“For France, Korea is a platform into Asia, and for Korea, France is a reliable partner in the European Union after the Brexit.”

Some business leaders encouraged sharing of information and experiences in dealing with protective economic policies of China.

“The economic retaliations from China due to the Seoul-Washington decision to deploy the U.S.-led Terminal High Altitude Area Defense [Thaad] antimissile system are inflicting direct impacts on us,” said Hwang Kag-gyu, president of policy coordination at Lotte Group.

“I know that Carrefour of France had difficulties in branching out its business into China after the whole Dalai Lama deal. It would be helpful to learn more about how France dealt with the economic retaliations at the time.”

According to Lotte, 67 of its stores in China have been placed under suspension as of last week. Additionally, some 20 more outlets decided to voluntarily shut as aggressive Chinese consumers staged anti-Korea protests near the stores, it said.

It is predicted Lotte will suffer 116.1 billion ($103.9 million) in losses if the shutdown continues for a month.

But policy experts pointed out that it is also important for leaders of France and Korea to step back and realize not all protective policies set out by the Trump administration are going to run.

“Notice that the Trump administration’s attempt to ban immigration from seven Muslim-majority countries was blocked by the judicial branch,” said Jean-Daniel Tordjman, secretary general of the Club France-Coree. “I do not think Trump’s campaign pledge of building a wall on the border with Mexico, which will cost some $20 billion, will come true, either.”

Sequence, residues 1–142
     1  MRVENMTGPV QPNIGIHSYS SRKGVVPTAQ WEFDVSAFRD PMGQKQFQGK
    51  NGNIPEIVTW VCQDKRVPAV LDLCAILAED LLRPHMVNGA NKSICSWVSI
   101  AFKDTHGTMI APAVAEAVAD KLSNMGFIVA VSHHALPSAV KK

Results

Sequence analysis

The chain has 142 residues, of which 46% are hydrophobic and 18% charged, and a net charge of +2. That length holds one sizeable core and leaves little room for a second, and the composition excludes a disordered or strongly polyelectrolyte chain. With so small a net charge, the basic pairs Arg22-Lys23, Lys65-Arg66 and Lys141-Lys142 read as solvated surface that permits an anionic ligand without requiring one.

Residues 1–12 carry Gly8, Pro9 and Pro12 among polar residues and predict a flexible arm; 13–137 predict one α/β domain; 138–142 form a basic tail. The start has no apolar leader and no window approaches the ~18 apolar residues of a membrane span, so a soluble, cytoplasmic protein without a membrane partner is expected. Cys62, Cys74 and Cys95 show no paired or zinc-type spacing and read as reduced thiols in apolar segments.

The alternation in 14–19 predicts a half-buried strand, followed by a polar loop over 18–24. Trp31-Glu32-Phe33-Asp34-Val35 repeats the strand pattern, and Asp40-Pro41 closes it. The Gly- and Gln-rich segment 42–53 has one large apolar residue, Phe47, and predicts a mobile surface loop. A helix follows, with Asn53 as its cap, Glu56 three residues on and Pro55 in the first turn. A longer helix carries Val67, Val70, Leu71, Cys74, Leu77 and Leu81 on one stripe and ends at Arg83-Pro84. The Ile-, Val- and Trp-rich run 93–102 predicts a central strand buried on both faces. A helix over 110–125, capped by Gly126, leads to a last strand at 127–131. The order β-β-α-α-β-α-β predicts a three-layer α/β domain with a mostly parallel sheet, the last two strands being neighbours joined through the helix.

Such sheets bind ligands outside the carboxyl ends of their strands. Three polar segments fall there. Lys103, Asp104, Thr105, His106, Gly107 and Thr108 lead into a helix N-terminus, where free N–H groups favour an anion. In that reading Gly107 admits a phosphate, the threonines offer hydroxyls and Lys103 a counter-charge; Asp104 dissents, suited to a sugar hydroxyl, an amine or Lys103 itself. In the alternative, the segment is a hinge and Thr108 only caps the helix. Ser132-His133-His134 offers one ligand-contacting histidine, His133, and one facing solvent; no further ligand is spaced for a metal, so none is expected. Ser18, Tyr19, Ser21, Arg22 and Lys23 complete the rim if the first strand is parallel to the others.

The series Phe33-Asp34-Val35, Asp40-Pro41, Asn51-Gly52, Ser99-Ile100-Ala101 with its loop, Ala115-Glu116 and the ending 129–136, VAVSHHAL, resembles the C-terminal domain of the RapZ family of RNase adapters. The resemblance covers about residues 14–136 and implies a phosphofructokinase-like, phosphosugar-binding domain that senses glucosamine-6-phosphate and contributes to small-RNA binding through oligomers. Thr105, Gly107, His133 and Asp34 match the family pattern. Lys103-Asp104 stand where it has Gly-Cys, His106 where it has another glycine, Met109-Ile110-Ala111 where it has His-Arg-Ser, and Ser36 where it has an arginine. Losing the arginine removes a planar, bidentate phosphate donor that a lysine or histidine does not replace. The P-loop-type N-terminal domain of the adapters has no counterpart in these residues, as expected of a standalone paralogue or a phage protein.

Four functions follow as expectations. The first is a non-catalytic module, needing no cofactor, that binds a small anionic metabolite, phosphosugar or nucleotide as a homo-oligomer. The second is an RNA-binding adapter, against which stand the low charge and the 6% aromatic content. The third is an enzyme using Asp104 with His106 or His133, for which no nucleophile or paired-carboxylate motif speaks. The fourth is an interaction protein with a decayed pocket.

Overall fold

He added, “You see, there is a limit to how much the Trump administration can do. The important question to ask is where the world is going with all this. Trump was elected in a time of instability throughout the world, in terms of economics and security. What’s at stake is the attacks on the institution of multilateralism.”

“Note that the trade war is not only between certain countries, but that it is having a clear effect on all global powers,” said Stephane Israel, CEO of Arianespace. “The key for both France and Korea in safeguarding the institution of free trade would be in helping the people of both countries realize that they can be the winners of free trade.”

Business leaders and policy experts discussed population policies of France that successfully boosted the birthrate of the country. Korea’s fertility rate, 1.17, is the lowest among OECD members.

“France had also struggled with a low fertility rate until 1990s, but it was able to pull the rate up to 2.1 last year, jumping above many European countries,” Hong said. “The discussions today will help many policy experts learn from the French success.”

“For family-focused policies to be effective here, the working environments and mindsets of the people need to change, because many working parents are pressured from taking time off work to focus on family matters,” said the Liberty Korea Party Rep. Na Kyung-won, who is a member of the National Assembly committee on low birthrate and aging population. “No matter how much legislation is passed, it would be of no use if working mothers and fathers cannot benefit from them.”

The forum between the members of clubs Korea-France and France-Coree hosted on Thursday was the third one since March 2016, when the first forum was held in Seoul in commemoration of the 130th anniversary of France-Korea diplomatic ties.

The clubs Korea-France and France-Coree met again in June 2016 in Paris to host the second forum, at which point 32 suggestions for bilateral cooperation in politics, diplomacy, security, economics, trade, education, science and culture were drafted and submitted to the presidents of Korea and France. The two clubs house some 30 members.